Countdown 4

I wrote a story and I gave it an odd title… Chutney. I based it around three unlikely friends and set it on an east London allotment in the year 1999. It was very British, quirky and I did not really expect it to do well but I sent it to the Commonwealth Short Story Prize in 2013 . You could have knocked me over with a feather when it only went and got shortlisted, and with only one other UK writer… yikes!

A later developed this into a novel that I am still working on…

The short story was never published so I thought I would share an extract today… enjoy! And tomorrow I might tempt you with something from the novel, hot off the press!

Chutney

I mark out time with giant crosses: the world will end in six months and four days.
I lean one elbow on a table stacked high with gardening magazines and press the flattened tip of marker pen to date. Most of June, and everything before is crossed out. I imagine when the entire calendar is black crosses.
It’s just after five. Emma will be here soon. She always come to the allotment after school for cup of tea and slice of banana cake. We won’t talk about the date. All that matters is it’s Tuesday. Tuesday is for algebra.
Except not this Tuesday.
Perhaps not any more Tuesdays.

Steam rises from plastic kettle, one with dirty smudges on side, looks like a face: two eyes, a nose and wonky smile.
“How does that look anything like a face?” Emma said when I showed her the first time. “You’re mental you are Georgy B.”
“Mental?” I said. “I not know word.”
“Yeah, mental, as a froot loop.”
“Froot loop?”
She put her hands on her hips and said, “Georgy it’s simple, I can’t see no face.”
“Here,” I said running my fingers over the smudge. “See, face – it look like baby.”
I remember the way she looked at me then, the same way my dear Irina used to look at me when I make – what’s the expression? – ‘a cock up’ – which was often.
“Always foot in mouth,” Irina would say. She called me “glupy starik.” It’s Russian for silly old man. Then she laugh. Big laughs, what you call belly laughs. But right now I don’t feel so much like laughing. When I think about Irina and Emma I don’t know if I should laugh or cry.

I look back at the calendar. Fifty-four years is a long time to be with one person. And fifty-four years is never enough time to be with one person. I pick up a tissue from the table and dab my eyes. Then I think about what will happen when the world ends.
Or maybe it already has.

After I told Emma about smudges on kettle looking like face, she told me about the baby. She was picking at threads on her glove, smiling. Maybe she thought telling the silly old man was funny, maybe she just scared. Or maybe she had no one else to tell but silly old man. I offered her banana cake (buy one get one free at Tescos) and I watched her slurp tea, holding mug with both hands. Then she said, “I thought if you did it standing up you didn’t get pregnant. That’s what Darren said anyway. Fuckwit.”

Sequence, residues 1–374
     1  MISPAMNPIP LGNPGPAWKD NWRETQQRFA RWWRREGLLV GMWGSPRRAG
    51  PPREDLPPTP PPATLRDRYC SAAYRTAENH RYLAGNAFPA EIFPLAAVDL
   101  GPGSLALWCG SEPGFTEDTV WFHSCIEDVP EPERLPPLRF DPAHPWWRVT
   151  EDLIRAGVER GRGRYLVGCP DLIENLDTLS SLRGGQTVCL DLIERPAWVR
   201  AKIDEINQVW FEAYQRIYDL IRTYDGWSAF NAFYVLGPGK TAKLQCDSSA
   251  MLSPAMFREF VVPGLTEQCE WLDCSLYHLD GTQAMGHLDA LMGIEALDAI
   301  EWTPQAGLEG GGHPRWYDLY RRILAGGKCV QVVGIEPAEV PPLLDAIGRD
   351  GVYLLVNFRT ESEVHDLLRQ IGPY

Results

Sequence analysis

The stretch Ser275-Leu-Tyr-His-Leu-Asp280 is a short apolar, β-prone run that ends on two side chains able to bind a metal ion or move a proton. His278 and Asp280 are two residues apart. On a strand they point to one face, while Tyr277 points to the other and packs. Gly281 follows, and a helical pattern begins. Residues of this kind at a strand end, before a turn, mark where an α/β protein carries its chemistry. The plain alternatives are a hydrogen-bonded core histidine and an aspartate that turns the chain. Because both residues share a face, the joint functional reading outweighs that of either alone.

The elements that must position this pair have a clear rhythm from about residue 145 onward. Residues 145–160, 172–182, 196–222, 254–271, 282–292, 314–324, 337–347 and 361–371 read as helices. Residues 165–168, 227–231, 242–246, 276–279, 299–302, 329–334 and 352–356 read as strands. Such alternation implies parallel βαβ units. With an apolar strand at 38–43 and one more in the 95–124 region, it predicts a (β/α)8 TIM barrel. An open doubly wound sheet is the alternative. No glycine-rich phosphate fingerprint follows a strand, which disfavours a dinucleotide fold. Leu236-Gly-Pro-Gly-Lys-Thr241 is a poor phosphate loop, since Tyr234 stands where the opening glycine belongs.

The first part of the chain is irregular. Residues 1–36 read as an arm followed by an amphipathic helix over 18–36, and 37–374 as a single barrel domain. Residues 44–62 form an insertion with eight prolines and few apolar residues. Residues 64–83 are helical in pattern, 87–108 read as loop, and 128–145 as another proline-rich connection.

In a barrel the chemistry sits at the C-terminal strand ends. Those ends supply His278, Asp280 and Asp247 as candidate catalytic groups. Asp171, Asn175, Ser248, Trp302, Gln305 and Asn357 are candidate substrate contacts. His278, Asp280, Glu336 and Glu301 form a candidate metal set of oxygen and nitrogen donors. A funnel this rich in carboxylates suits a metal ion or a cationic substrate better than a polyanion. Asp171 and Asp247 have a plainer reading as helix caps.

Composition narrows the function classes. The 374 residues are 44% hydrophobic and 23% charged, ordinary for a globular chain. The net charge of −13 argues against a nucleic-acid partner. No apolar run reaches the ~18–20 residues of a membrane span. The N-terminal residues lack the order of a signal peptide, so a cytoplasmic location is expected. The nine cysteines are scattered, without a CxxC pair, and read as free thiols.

“You no need to swear.”
“What-ever,” she said.
“What you going to do?”
“Dunno. Might get it adopted.”
“It?” I said. “It’s not an ‘it’. You can’t call it it.”
“What-ever,” she said.
Young people, they always use that expression, always say it the same way like they’re talking about something what’s the word … trivial. But a baby is not trivial. So I looked right at her and I said, “Yeah, what-ever.” She screwed up her face and belly-laughed.
“Georgy B you are funny. I might adopt you as my granddad,” she said.
I had to look away then.
When I turned back she got what was left of her slice of banana cake and put the whole thing into her mouth. “Got any more? It’s fuc—I mean it’s effing lovely Mr Beletsky. Better than the lemon one.”

Next to the kettle are two mugs, one is blue and white. It’s the Spurs Football Club. Irina gave it to me many many years ago.
“I know how you like the Spurs,” she said. “Though I not know why.”
Many years before that she gave me ticket to White Hart Lane. She saved a long time for that; did a whole lot of cleaning houses. But in the end I didn’t go. I was with Irina in the hospital. It was the night we lost our fourth baby.
The Spurs mug belongs to Emma now. I gave it to her when she started coming for her lessons after she told me about the baby. She said she was going to get rid of it because Darren said it was best. The baby. Not Spurs mug. I tried to tell her, “Who it best for?” A week later, in the middle of vectors, she told me she would keep it.
“Where are your parents?” I said.
“Dead,” she said. Just like that. “Dead.” She said it with a sweeping motion of hand like she was chasing away flies. “Same as Darren.”
“Darren is dead?”
“He might as well be. The fuckwit is well and truly dumped.”
I was going to tell her: no more cussing. My Irina, she was a lady. She never learned English cuss words, except for “Shit.” She said that was different because all it means is fekalii which is Russian for poo. And every time she say the word ‘shit’ we laughed.
“Forgot to get carrots for chutney,” she’d say. “Shit.”
“Council put rent up again,” she’d say. “Shit.”
“Totten-ham Hot Spurs lose again,” she’d say. “Shit.”
But I never told Emma off for her cussing that day. Maybe because there are far worse things people do than cuss.

A few days later Emma told me she grew up in a children’s home. All I said was, “Shit.” I never laughed…

©Debz Hobbs-Wyatt 2013

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Filed under Commonwealth Short Story Prize 2013, Short Stories, Uncategorized

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